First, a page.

People who already have an Apple iMac tend to rave about them. People who don’t own an Apple iMac tend to crave one. But for some diehards it will only ever be about the PC. The Apple iMac can be an emotive subject, so here’s a breakdown of some of the pros and cons associated with this particular machine.
The Pros of the iMac
For sheer simplicity, the Apple iMac wins hands down over just about any model of desktop PC. With everything engineered into a single, beautifully designed and engineered package, there are no unsightly trailing wires and no fiddly connections between components. One cable to plug in allows you to start computing straightaway with no set-up required.
The design of the iMac makes it an extremely desirable object. Even older models have been through such a rigorous design process that they tend to retain value far better than their PC counterparts. This means that if you are planning on making money from your old iMac at some point in the future, you certainly won’t be disappointed! Getting a good price for your old equipment allows you to purchase an even higher specification of machine next time around.
There is a good reason why so many professional graphic designers choose to work on an iMac. Gorgeous graphics are displayed to full advantage on widescreen – up to 27″ on 2013 models. Apple is renowned for the attention to screen resolutions, with incredible backlighting and anti-reflective glass along with a wide viewing angle.
Those clever folk at Apple not only develop and manufacture all of the company’s own hardware, but they also design and develop the software too. This means that there are none of the software conflicts that occur with such astonishing frequency on the PC. The iMac does not crash or hang and it is far less susceptible to malicious attacks than its PC counterparts too.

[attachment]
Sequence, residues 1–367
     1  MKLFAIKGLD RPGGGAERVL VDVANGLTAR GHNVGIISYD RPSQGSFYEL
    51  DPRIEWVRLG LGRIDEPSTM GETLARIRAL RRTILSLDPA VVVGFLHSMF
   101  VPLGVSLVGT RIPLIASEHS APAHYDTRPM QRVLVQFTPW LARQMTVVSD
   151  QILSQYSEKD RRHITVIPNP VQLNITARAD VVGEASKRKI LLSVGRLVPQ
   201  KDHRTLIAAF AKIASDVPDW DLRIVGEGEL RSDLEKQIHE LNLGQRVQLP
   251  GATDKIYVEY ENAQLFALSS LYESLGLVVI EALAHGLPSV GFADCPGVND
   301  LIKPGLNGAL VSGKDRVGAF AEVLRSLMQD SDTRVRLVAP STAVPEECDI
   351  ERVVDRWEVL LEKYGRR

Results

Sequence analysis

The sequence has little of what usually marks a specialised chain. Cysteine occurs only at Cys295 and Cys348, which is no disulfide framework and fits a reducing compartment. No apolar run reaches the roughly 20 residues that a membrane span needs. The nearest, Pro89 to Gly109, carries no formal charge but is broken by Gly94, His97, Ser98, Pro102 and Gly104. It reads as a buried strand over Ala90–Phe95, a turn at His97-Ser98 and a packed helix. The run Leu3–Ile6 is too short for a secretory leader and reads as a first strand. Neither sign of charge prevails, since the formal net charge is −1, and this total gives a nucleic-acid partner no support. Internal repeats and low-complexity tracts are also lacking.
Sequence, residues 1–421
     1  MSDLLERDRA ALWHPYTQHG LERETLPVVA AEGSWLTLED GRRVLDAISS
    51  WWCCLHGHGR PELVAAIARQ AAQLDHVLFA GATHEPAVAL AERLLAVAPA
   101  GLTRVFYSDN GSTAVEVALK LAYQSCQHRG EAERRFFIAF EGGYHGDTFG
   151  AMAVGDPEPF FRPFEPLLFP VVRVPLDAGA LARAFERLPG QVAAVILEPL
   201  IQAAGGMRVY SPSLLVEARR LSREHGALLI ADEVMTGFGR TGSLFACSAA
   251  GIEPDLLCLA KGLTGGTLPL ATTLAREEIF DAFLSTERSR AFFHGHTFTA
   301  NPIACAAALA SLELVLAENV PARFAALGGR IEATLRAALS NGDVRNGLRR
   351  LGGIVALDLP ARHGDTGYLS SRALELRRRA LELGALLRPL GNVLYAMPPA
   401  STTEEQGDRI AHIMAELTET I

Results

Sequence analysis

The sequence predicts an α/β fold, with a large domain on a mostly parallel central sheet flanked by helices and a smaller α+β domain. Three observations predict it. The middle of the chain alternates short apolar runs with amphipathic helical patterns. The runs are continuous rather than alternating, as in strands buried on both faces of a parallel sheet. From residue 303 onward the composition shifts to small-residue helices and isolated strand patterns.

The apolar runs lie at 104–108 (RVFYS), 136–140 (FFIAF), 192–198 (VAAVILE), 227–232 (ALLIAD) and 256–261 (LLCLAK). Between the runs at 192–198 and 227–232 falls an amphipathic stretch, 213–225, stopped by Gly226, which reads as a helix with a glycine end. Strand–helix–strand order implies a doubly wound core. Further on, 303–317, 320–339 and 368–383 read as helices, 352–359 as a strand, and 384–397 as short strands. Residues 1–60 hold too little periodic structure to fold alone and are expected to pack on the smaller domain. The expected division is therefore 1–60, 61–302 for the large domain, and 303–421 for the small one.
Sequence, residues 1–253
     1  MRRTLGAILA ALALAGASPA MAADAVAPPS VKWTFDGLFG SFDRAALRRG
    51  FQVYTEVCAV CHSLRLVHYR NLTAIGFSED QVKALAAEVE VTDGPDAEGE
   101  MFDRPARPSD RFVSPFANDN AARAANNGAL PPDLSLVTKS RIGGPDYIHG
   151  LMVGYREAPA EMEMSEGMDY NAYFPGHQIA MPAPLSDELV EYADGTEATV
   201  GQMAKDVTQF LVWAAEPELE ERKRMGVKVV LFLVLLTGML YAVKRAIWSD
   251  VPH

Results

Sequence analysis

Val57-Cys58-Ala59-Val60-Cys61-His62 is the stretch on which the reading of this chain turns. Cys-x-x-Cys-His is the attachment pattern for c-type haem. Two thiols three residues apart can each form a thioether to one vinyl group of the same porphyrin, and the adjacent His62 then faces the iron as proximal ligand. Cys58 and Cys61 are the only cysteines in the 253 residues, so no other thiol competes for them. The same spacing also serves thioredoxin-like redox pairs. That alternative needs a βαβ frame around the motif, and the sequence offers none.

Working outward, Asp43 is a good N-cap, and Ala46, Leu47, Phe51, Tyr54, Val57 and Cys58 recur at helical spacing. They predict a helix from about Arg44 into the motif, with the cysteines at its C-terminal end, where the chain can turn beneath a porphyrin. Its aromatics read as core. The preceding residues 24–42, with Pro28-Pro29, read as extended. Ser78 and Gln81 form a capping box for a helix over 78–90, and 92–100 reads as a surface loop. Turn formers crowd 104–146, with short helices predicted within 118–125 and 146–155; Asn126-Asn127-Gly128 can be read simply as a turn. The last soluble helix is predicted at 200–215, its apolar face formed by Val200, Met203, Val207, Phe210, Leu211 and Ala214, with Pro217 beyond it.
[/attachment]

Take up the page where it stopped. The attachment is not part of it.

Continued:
The cons of the iMac
One of the biggest disappointments for many potential users is the lack of hardcore gaming for the iMac. Although some games are available, this is one aspect of computing where the PC really is streets ahead. However, perhaps the serious business users and graphic artists are not overly concerned about the lack of gaming opportunities.
The sleek clean lines of the iMac are not marred by any unsightly ports, but this means that SC cards and other peripherals have to be plugged in via the back of the machine, which can be an awkward process.
A common complaint is the lack of adjustment to the angle of the screen which could lead to repetitive strain injury if the screen is not placed accurately for the user.
The Apple iMac is considerably more expensive than its PC rivals, although it holds its value very well and so this is perhaps not as much of a problem as it might at first seem. The canny purchaser of an iMac can be reasonably certain of being able to resell the machine in the future and not incur too much of a loss along the way.